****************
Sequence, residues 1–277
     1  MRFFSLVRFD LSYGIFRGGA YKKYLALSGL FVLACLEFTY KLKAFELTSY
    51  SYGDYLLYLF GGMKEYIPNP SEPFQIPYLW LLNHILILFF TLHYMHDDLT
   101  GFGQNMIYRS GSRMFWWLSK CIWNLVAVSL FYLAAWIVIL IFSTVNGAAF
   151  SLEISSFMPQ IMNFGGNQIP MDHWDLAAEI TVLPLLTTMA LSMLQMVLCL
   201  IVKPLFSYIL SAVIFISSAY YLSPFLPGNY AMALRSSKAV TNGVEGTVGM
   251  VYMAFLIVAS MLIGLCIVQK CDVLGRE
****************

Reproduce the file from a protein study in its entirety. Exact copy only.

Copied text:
Sequence, residues 1–277
     1  MRFFSLVRFD LSYGIFRGGA YKKYLALSGL FVLACLEFTY KLKAFELTSY
    51  SYGDYLLYLF GGMKEYIPNP SEPFQIPYLW LLNHILILFF TLHYMHDDLT
   101  GFGQNMIYRS GSRMFWWLSK CIWNLVAVSL FYLAAWIVIL IFSTVNGAAF
   151  SLEISSFMPQ IMNFGGNQIP MDHWDLAAEI TVLPLLTTMA LSMLQMVLCL
   201  IVKPLFSYIL SAVIFISSAY YLSPFLPGNY AMALRSSKAV TNGVEGTVGM
   251  VYMAFLIVAS MLIGLCIVQK CDVLGRE